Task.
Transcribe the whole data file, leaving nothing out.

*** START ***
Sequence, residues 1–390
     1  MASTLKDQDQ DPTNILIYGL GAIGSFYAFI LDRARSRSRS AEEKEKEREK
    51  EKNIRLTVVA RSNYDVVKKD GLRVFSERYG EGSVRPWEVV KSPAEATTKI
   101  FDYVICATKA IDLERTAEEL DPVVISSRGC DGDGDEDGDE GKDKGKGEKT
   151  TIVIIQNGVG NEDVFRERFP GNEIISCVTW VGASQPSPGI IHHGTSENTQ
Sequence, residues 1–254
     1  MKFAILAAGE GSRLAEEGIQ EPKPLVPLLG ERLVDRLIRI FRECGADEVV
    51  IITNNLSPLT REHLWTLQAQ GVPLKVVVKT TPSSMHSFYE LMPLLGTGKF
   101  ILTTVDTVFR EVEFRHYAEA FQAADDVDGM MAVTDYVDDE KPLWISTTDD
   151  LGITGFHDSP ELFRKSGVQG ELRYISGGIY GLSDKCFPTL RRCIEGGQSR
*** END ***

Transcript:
Sequence, residues 1–390
     1  MASTLKDQDQ DPTNILIYGL GAIGSFYAFI LDRARSRSRS AEEKEKEREK
    51  EKNIRLTVVA RSNYDVVKKD GLRVFSERYG EGSVRPWEVV KSPAEATTKI
   101  FDYVICATKA IDLERTAEEL DPVVISSRGC DGDGDEDGDE GKDKGKGEKT
   151  TIVIIQNGVG NEDVFRERFP GNEIISCVTW VGASQPSPGI IHHGTSENTQ
Sequence, residues 1–254
     1  MKFAILAAGE GSRLAEEGIQ EPKPLVPLLG ERLVDRLIRI FRECGADEVV
    51  IITNNLSPLT REHLWTLQAQ GVPLKVVVKT TPSSMHSFYE LMPLLGTGKF
   101  ILTTVDTVFR EVEFRHYAEA FQAADDVDGM MAVTDYVDDE KPLWISTTDD
   151  LGITGFHDSP ELFRKSGVQG ELRYISGGIY GLSDKCFPTL RRCIEGGQSR